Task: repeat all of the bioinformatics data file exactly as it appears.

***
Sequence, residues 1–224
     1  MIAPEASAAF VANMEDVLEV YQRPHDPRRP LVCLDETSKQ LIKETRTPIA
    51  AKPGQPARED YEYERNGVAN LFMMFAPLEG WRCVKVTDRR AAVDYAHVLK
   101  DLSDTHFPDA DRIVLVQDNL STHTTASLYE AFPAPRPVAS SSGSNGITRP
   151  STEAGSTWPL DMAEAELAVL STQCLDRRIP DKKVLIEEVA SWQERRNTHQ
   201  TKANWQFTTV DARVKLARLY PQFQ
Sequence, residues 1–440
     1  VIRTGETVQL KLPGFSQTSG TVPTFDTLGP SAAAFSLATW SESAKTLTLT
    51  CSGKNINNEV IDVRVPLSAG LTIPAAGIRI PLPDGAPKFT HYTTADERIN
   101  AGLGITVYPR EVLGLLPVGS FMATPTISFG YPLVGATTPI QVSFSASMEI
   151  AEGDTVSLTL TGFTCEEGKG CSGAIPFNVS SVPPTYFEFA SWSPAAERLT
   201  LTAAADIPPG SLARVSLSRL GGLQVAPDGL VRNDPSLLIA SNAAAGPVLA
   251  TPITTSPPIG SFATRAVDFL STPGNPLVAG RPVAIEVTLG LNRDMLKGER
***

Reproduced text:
Sequence, residues 1–224
     1  MIAPEASAAF VANMEDVLEV YQRPHDPRRP LVCLDETSKQ LIKETRTPIA
    51  AKPGQPARED YEYERNGVAN LFMMFAPLEG WRCVKVTDRR AAVDYAHVLK
   101  DLSDTHFPDA DRIVLVQDNL STHTTASLYE AFPAPRPVAS SSGSNGITRP
   151  STEAGSTWPL DMAEAELAVL STQCLDRRIP DKKVLIEEVA SWQERRNTHQ
   201  TKANWQFTTV DARVKLARLY PQFQ
Sequence, residues 1–440
     1  VIRTGETVQL KLPGFSQTSG TVPTFDTLGP SAAAFSLATW SESAKTLTLT
    51  CSGKNINNEV IDVRVPLSAG LTIPAAGIRI PLPDGAPKFT HYTTADERIN
   101  AGLGITVYPR EVLGLLPVGS FMATPTISFG YPLVGATTPI QVSFSASMEI
   151  AEGDTVSLTL TGFTCEEGKG CSGAIPFNVS SVPPTYFEFA SWSPAAERLT
   201  LTAAADIPPG SLARVSLSRL GGLQVAPDGL VRNDPSLLIA SNAAAGPVLA
   251  TPITTSPPIG SFATRAVDFL STPGNPLVAG RPVAIEVTLG LNRDMLKGER